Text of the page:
return tic12400_value;
}

/*
* 32-bit 1's parity check
* https://graphics.stanford.edu/~seander/bithacks.html#ParityNaive
*/
bool tic12400_parity(uint32_t v)
{
    v ^= v >> 16;
    v ^= v >> 8;
    v ^= v >> 4;
    v &= 0xf;
    return(0x6996 >> v) & 1;
}

/*
* switch SPI status and switch data updates
* sets event flag for user application notification
*/
void tic12400_read_sw(uint32_t a, uintptr_t b)
{
    tic12400_value = tic12400_wr(&ticread05, 0); // read switch
    tic12400_status = tic12400_wr(&ticstat02, 0); // read status

    if (ticvalue->ssc && tic12400_parity(tic12400_value)) { // only trigger on switch state change
        tic12400_event = true;
        tic12400_value_counts++;
    }
    tic12400_counts++;
}
 
Last edited:

Thread Starter

Dadu@

Joined Feb 4, 2022
145
.No, I still don't understand what's your problem with dynamic memory because you don't give an example.
I didn't want to jump on linked list in c but I think it is neccessary now

C:
#include <stdio.h>
#include <stdlib.h>

struct node
{
    int data;
    struct node* next;
};   

int main ()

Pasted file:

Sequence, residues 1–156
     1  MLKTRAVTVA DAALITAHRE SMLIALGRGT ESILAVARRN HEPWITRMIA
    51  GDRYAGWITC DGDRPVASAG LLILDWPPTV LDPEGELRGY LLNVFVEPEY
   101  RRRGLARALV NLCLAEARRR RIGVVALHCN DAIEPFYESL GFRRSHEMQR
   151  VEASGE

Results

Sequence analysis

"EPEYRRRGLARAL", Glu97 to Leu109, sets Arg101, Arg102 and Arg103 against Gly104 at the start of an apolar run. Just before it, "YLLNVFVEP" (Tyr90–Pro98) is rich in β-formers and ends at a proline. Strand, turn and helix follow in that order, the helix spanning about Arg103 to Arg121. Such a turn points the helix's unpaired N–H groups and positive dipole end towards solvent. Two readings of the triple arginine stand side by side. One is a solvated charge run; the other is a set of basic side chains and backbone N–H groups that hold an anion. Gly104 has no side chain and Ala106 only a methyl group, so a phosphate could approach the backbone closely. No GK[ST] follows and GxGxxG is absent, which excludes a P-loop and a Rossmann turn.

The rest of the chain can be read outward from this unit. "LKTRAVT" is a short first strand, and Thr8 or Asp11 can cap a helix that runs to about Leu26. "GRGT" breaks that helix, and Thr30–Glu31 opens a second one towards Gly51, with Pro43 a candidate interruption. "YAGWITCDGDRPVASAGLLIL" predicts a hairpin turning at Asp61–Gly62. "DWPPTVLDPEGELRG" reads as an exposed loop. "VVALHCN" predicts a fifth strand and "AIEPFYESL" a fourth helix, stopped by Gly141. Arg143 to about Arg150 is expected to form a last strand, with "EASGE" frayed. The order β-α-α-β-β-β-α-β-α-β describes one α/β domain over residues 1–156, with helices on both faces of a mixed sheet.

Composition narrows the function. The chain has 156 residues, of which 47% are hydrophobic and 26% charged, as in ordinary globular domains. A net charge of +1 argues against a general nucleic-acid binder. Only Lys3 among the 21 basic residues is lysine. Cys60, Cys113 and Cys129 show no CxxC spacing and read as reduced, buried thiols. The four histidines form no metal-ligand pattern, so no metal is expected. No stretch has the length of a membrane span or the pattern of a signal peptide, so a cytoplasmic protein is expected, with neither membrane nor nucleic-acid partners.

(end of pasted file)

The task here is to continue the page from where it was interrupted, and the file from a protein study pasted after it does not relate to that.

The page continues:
{
    struct node * head = NULL;
    
    return 0;
}
I saw many sample codes but I am very confused when I try to make function to add new node in the list.

first of all I am trying to understand what i need to pass from main function before creating function and why it need to pass to function.
 

Thread Starter

Dadu@

Joined Feb 4, 2022
145
'node' is just a variable that stores data (info) and an address data (link to another 'node').
View attachment 262527
Look at my code, function create one node, that is head node of list. I don't understand what to do in function when second node will create ?
list has only single node. How to modify function to add second node in list ?
C:
#include <stdio.h>
#include <stdlib.h>

struct node
{
    int data;
    struct node* next;
};